At one stage on Saturday, Damien Cahalane collected the sliothar and let rip. It travelled at least 60m, but because it ended up in the possession of a Tipperary player, the individual on video analysis almost set off the stadium alarm, such was the ‘offence’ committed by one of Cork’s leading dual players.

In the past, an entertainment industry of sorts grew up around the Irish international soccer team; maybe not so much around the action on the pitch, but around the panel discussions that ensued on the national broadcaster.

People tuned in to watch the commentary of the RTÉ panel, consisting of Eamon Dunphy and John Giles, and of other former soccer players and coaches, as they applied the critical knives to players or to managers, whether of league teams or of the national team.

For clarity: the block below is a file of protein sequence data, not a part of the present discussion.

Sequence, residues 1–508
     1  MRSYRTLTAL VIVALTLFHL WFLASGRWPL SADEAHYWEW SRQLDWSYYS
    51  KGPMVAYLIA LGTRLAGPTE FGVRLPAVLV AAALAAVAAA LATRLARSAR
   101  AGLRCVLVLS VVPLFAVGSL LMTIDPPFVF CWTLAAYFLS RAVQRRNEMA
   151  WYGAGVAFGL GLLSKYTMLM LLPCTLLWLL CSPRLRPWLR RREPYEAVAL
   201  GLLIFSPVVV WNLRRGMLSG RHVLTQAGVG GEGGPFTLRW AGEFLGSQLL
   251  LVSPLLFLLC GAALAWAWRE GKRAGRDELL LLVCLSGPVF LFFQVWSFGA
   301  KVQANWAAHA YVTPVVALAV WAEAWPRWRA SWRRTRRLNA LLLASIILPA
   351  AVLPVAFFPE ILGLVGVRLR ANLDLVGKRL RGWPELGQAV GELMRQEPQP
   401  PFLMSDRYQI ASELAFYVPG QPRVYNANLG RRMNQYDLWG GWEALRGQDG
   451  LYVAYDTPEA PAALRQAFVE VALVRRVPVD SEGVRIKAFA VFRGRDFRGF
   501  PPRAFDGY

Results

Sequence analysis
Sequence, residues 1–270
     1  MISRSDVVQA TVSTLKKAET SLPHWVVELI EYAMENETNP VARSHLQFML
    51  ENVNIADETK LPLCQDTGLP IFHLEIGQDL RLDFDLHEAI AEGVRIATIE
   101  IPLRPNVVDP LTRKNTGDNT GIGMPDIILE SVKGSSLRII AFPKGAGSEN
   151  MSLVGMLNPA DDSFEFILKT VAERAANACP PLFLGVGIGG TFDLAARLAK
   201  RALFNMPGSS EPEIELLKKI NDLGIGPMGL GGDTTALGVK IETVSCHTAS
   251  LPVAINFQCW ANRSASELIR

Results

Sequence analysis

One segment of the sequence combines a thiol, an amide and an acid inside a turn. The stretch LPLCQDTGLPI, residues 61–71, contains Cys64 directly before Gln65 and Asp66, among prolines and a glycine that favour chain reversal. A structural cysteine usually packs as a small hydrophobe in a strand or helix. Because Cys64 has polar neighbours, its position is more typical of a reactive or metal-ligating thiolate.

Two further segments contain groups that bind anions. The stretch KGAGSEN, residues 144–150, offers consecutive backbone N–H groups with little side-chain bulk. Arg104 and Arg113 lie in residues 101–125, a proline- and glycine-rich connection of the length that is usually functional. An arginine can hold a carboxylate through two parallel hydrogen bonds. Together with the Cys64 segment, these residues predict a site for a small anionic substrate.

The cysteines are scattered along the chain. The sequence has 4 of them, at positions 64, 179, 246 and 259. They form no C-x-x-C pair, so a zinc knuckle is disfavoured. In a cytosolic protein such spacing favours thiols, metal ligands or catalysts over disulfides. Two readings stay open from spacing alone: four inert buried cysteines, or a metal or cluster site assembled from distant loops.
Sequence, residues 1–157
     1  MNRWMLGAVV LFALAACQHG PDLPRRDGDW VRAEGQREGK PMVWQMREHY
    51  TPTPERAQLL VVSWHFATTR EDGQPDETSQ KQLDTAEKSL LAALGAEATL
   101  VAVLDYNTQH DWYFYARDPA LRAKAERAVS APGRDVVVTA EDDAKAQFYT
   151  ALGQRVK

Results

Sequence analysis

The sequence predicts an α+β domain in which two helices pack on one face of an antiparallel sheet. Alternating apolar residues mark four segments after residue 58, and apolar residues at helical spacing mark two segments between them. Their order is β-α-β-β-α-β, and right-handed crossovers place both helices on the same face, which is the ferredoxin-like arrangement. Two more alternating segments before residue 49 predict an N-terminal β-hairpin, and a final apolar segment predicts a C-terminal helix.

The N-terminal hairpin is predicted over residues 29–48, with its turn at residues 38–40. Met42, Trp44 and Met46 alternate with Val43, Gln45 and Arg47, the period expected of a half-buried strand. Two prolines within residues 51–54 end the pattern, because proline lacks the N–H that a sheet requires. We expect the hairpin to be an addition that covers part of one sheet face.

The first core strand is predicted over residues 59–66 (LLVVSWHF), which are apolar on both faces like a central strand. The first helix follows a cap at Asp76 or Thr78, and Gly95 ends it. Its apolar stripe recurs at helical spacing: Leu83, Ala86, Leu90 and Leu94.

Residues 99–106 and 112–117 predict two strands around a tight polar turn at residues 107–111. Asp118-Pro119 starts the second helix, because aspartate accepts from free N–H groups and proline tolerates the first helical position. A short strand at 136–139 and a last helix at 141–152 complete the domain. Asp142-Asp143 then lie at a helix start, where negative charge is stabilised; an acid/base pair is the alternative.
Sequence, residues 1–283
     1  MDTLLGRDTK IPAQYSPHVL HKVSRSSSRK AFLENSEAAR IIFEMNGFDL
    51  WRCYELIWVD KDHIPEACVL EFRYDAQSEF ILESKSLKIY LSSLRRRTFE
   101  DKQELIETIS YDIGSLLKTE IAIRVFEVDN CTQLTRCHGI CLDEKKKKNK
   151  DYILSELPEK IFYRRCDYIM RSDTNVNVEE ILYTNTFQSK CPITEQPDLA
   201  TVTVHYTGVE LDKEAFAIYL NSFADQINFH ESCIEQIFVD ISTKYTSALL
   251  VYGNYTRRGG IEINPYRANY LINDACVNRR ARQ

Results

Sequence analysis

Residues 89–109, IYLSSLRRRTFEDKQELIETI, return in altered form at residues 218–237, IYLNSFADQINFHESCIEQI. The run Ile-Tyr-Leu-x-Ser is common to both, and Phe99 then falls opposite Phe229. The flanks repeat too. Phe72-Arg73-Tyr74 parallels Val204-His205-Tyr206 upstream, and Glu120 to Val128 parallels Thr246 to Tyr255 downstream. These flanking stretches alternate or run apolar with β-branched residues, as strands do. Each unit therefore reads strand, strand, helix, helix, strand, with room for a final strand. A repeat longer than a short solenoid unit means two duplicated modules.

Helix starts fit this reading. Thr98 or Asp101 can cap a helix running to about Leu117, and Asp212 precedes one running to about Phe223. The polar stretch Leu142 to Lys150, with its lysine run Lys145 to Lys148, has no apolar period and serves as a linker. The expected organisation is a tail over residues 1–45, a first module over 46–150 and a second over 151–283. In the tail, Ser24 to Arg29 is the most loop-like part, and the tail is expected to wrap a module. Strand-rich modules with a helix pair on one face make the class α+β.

A similar industry could grow around hurling pundits, who still find it hard to accept that the ash game is changing and that there may be a possibility that it is not the greatest game on the planet.

They have begun to borrow the terminology of other, ‘lesser’ sports, such as ‘sweepers’ and ‘middle third’ and ‘quarterback’.

Regardless of the state of hurling, one has to be impressed with the start that Cork have made to the league. The victory over Waterford was followed up by another committed, high-energy display against Tipperary. Part of Cork’s plan involves keeping the ‘green-flag men’ from requiring redundancy notices and the two against Tipperary ticked that box.